Has Bryan Shaw thrown too many innings? Hey, Hoynsie: What’s up with Bryan Shaw? Are his recent struggles a result of overuse the last couple of years? – Tom Goodsite, Sanford, Fla.Hey, Tom: I don’t think so. In Shaw’s last appearance Friday night against Toronto, he retired six straight batters. Yes, he had a tough West Coast trip, but if you think about the two games in which he gave up game-winning hits in the opposition’s last at-bat, he was rushed into those games.
CLEVELAND, Ohio -- The Indians limped home Wednesday evening from a disappointing six-game West Coast trip with a half-game lead in the AL Central and a desire to improve their offense. At the start of the trip the Indians talked about the difficult position they were in regarding injuries to right fielder Lonnie Chisenhall and second baseman Jason Kipnis. Both are out for a few weeks with a strained right calf and right hamstring, respectively, but they are expected to return.
SAN FRANCISCO — A stiff neck has forced manager Terry Francona to shuffle the the Indians' starting rotation for the weekend series against Toronto at Progressive Field. Corey Kluber will miss his scheduled start on Friday because of a stiff neck. His spot will be taken by Trevor Bauer, with Danny Salazar returning to the rotation on Saturday. Francona said Kluber or Josh Tomlin could start Sunday.
Muck Rack makes it simple to find people, tweets, or articles that mention any name, keyword, company, hashtag etc. We've compiled this guide to help you make the most of your search.
Selecting a term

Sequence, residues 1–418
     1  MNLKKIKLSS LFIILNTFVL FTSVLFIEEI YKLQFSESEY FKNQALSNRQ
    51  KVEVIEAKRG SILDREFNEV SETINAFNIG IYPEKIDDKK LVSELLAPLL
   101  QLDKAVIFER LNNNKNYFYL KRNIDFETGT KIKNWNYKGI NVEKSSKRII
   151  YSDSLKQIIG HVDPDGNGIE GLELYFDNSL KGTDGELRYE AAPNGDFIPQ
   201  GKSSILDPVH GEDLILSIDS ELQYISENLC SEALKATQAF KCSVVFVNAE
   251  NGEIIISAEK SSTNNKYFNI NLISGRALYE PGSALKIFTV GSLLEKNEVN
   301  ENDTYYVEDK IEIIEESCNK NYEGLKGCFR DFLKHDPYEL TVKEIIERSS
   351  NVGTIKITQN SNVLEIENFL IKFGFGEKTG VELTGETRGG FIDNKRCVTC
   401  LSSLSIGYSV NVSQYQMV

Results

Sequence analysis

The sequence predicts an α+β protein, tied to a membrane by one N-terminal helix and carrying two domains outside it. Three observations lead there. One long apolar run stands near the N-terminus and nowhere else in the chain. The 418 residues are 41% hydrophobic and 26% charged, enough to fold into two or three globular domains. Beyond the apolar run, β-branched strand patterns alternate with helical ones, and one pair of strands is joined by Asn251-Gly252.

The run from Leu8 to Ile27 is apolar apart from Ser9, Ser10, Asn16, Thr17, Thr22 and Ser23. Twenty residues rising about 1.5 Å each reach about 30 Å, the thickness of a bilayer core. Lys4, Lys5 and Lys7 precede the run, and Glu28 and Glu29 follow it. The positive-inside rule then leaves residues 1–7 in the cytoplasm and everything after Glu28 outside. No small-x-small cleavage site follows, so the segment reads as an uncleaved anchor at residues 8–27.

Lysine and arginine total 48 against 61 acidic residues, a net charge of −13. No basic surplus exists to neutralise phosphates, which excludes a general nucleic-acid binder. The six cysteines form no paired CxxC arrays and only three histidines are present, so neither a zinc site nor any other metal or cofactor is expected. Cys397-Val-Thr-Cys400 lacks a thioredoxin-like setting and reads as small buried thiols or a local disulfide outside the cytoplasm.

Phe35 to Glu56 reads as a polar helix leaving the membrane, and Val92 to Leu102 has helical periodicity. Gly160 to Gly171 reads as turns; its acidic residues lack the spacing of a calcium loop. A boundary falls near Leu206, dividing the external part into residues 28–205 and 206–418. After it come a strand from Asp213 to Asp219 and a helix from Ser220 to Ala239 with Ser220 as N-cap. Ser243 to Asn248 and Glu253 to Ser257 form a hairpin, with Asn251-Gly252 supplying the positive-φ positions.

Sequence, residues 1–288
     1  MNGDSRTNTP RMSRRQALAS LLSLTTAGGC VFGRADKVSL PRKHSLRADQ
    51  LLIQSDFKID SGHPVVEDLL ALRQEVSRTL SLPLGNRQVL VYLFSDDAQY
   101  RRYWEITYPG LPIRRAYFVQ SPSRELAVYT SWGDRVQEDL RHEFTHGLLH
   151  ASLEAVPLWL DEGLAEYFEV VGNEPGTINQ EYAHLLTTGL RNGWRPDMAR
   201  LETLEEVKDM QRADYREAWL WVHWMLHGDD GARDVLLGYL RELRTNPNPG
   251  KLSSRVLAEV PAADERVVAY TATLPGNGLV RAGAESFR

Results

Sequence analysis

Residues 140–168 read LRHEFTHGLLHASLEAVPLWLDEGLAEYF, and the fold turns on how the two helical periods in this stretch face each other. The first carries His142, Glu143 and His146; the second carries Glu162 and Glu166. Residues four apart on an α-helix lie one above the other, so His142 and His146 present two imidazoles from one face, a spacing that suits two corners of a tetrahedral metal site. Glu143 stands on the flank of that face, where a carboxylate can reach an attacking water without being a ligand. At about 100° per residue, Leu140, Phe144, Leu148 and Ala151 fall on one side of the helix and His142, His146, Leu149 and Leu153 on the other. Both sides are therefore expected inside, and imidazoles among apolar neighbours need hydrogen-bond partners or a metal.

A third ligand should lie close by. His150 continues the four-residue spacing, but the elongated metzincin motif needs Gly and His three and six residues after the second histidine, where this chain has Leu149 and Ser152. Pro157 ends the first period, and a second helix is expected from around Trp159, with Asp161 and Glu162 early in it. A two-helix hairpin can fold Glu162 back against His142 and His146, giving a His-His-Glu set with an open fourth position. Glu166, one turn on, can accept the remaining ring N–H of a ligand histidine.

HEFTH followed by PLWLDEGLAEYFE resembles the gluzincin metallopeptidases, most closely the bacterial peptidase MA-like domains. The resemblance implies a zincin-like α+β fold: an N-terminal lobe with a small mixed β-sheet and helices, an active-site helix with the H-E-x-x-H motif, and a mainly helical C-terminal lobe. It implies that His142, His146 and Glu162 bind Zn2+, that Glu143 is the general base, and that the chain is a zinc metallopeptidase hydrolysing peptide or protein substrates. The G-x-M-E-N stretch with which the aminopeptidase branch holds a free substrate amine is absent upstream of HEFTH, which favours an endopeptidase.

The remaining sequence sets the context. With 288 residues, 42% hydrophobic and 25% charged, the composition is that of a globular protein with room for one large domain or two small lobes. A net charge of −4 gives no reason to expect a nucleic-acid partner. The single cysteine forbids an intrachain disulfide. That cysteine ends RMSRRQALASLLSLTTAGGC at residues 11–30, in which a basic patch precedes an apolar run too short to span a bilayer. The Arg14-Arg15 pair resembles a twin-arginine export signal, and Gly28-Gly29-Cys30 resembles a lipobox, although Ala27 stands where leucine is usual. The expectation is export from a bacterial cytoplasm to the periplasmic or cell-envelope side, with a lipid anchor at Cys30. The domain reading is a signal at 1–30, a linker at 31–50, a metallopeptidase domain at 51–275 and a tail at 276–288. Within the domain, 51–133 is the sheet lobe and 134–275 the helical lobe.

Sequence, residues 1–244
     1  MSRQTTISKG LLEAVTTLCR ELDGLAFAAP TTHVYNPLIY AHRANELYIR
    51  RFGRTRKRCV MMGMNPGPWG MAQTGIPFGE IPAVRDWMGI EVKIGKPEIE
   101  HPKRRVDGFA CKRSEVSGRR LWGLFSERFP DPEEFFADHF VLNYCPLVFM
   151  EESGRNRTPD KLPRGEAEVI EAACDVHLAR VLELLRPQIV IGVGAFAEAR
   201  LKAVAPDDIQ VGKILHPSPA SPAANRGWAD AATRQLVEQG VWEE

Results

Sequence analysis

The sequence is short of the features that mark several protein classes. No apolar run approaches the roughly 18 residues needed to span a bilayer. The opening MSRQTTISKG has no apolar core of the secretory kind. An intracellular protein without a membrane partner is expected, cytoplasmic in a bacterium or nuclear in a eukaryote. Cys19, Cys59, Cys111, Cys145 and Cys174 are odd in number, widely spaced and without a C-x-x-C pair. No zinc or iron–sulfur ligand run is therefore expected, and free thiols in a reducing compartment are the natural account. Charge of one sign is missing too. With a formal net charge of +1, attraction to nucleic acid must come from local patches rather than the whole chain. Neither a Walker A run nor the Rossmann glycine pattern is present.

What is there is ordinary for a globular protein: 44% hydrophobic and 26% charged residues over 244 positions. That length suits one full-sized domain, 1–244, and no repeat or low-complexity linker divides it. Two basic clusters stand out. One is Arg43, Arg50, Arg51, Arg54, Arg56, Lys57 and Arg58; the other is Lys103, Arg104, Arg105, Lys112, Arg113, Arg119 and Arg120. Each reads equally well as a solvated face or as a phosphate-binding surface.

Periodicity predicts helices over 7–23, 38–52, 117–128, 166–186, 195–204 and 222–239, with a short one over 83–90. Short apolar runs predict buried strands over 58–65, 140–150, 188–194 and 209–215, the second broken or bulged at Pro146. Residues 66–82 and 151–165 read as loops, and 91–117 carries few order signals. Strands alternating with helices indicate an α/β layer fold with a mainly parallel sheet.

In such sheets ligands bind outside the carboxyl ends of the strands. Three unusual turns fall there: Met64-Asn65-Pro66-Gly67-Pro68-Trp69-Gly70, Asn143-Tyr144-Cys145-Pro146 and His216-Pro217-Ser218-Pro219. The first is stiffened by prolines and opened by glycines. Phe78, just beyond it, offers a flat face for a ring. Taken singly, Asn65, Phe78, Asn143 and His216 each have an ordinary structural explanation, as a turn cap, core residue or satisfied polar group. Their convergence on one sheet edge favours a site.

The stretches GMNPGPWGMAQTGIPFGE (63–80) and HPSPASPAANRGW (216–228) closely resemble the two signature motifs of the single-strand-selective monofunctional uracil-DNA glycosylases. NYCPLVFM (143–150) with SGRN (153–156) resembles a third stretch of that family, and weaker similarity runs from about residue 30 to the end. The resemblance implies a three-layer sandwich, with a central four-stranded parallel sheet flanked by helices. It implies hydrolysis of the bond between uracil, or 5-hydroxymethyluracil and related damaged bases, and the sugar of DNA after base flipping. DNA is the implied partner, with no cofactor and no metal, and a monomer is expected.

Start searching tweets, articles from media outlets, articles mentioned in tweets, journalists'
names, titles and bios with some suggested searches:
Companies or Topics (e.g. iPhone, Microsoft)
Phrases (e.g. "cloud computing") — use quotes to keep the terms together
Twitter handles (e.g. @username) — returns those who have mentioned or replied to
Names (e.g. "David Pogue")
Hashtags (e.g. #sxsw, #london2012)
Bio details (e.g. vegan, Olympics, father)
Muck Rack's Advanced Search allows for many boolean operators.
Find results that mention multiple specified terms, use AND or
+. For example, ensure each result contains both Elon Musk and Mark Zuckerberg by
searching Obama AND Romney or Obama + Romney.
Use the operators OR or , to broaden your search when you'd like either of
multiple terms to appear in results. (This is the default behavior of our search when no operators
are used.) For example, search for democrat OR republican to find results that refer to
Democrats and/or Republicans.
Use NOT or - to subtract results from your search. For
example, searching Disney will yield results about the Walt Disney Company as well as Walt Disney
World Resort. To exclude mentions of Disney World, search for Disney -World or Disney
When using one of these operators with a phrase, enclose it in quotation marks. For example, you can
find results about smartphones excluding Apple's iPhone 4S by searching smartphone -"iPhone
Exact case matching or punctuation
If you're searching for a brand name or keyword that relies on specific punctuation marks or capitalization, you can
find results that match your exact query by adding matchcase: before the keyword you're searching for, like matchcase:E*TRADE .
Use parentheses to separate multiple
boolean phrases. For example, to find journalists talking about having fun in Disney World or
Disneyland, search for ("disney world" OR disneyland) AND fun.
An asterisk can be used to search for any variation of a root word truncated by the asterisk. For example, searching for admin* will return results for administrator, administration, administer, administered, etc.
A near operator is an AND operator where you can control the distance between the words. You can vary the distance the near operation uses by adding a forward slash and number (between 0-99) such as strawberries NEAR/10 "whipped cream", which means the strawberries must exist within 10 words of "whipped cream".